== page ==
Chapter

The Archaeological Foundations of Early Historic India

Dilip K. Chakrabarti

in India an Archaeological History

Second edition

Published in print July 2009 | ISBN: 9780198064121
Published online October 2012 | e-ISBN: 9780199080519 | DOI: http://dx.doi.org/10.1093/acprof:oso/9780198064121.003.0007
The Archaeological Foundations of Early Historic India

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This chapter isolates the major components of early historic archaeology of the subcontinent. First, there is a general chronological correspondence between the archaeological context of the beginning of early history and the Buddhist literary evidence related to the sixteen great principalities from the north-west to the Deccan. Second, the fact that the northern black polished ware cannot be mechanically construed as an archaeological marker of early historic urbanism all over the subcontinent has been driven home by the probability of an urban growth going back to the sixth to fifth century bc in the Kaveri delta and its hinterland. Third, what may be considered somewhat disturbing is the uneven character of data on settlement contexts of different regions. Fourth, there are many similarities like urban planning, craft specialization, and growing importance of trade. There is also uniformity in material traits like pottery, art, coinage despite regional variation.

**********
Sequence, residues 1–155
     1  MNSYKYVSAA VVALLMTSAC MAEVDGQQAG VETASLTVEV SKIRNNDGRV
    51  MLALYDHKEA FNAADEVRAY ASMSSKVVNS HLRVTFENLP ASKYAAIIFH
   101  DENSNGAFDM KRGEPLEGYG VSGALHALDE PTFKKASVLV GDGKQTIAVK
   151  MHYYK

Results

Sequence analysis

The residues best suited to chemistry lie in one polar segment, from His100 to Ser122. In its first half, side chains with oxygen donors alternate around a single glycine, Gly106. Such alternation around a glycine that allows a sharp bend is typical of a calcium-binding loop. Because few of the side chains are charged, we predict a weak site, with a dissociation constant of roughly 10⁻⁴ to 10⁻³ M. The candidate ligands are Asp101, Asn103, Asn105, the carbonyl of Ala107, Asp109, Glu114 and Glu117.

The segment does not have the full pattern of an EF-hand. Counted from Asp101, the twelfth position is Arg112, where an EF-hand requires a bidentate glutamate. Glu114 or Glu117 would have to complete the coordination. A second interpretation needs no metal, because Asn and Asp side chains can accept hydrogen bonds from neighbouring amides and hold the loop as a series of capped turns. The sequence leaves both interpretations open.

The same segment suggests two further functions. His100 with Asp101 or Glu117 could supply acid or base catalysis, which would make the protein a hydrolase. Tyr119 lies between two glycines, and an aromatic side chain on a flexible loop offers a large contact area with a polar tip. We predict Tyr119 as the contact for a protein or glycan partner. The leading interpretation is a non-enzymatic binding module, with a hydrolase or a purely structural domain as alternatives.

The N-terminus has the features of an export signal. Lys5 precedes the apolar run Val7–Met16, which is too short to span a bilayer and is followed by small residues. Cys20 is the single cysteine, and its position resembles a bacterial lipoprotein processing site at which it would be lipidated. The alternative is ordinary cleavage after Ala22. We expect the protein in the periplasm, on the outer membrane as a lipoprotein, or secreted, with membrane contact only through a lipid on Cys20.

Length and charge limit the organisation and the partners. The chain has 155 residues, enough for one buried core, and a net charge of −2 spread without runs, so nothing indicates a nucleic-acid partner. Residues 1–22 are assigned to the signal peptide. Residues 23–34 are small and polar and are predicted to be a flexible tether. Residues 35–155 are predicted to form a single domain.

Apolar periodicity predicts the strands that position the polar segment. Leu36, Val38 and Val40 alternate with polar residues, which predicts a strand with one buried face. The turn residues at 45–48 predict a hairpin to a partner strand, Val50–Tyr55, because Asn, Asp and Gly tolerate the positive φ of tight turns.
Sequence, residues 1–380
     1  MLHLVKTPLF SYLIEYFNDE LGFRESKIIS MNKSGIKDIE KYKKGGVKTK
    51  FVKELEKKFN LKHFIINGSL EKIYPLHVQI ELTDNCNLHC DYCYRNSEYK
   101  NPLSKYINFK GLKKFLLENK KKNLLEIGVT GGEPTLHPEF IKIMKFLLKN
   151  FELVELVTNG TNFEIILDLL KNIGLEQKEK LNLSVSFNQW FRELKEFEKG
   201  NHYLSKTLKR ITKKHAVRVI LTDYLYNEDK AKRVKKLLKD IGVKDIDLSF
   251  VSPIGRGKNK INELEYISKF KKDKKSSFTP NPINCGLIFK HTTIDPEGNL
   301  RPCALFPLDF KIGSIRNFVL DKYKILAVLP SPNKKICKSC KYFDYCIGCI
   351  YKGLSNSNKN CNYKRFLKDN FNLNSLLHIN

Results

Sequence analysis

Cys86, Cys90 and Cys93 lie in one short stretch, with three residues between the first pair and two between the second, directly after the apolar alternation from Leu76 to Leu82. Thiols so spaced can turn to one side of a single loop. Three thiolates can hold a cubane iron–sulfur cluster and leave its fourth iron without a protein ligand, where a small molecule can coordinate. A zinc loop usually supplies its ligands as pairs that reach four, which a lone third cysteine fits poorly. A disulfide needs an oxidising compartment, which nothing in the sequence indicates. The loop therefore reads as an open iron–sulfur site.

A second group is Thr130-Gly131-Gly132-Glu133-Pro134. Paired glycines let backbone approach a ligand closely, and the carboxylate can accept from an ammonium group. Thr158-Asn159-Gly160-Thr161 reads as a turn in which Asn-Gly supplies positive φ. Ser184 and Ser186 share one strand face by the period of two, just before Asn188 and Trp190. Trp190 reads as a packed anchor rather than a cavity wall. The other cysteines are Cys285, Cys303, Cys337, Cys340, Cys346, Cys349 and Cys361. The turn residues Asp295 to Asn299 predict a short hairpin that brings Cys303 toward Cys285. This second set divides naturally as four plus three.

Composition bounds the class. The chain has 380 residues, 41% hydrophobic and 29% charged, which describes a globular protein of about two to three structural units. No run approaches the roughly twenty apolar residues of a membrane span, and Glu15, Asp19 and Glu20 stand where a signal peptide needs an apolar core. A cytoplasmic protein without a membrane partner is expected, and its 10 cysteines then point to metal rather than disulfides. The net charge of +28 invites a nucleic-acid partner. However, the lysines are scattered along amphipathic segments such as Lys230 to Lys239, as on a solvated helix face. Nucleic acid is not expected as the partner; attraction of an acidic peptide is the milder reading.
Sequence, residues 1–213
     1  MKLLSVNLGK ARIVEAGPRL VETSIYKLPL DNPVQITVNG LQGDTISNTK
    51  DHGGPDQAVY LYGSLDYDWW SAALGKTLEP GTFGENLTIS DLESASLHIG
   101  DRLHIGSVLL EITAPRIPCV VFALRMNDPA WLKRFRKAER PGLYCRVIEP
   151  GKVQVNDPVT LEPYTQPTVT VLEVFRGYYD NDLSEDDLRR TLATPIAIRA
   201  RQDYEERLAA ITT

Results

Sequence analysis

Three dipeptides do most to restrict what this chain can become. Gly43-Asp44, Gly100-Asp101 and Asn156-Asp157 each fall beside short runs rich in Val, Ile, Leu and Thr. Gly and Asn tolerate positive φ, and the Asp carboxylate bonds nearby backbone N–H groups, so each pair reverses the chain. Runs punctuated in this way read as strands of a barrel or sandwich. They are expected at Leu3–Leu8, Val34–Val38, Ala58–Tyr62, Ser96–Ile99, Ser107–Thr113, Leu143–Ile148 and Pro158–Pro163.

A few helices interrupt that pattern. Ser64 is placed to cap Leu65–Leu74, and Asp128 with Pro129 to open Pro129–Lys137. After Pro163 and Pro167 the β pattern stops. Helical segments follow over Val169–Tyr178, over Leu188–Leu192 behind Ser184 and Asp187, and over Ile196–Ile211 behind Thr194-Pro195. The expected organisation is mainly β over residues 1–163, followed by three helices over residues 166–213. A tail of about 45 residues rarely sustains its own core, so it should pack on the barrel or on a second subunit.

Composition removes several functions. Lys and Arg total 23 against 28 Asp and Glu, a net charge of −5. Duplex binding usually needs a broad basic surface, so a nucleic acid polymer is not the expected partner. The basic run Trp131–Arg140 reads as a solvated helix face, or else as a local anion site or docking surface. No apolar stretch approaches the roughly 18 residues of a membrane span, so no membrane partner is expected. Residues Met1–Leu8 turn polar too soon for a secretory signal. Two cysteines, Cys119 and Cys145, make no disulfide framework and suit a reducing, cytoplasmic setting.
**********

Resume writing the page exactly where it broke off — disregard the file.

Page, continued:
Keywords: principalities; urbanism; urban growth; northern black polished ware; craft specialization; trade; pottery; coinage

Chapter.  20245 words.  Illustrated.

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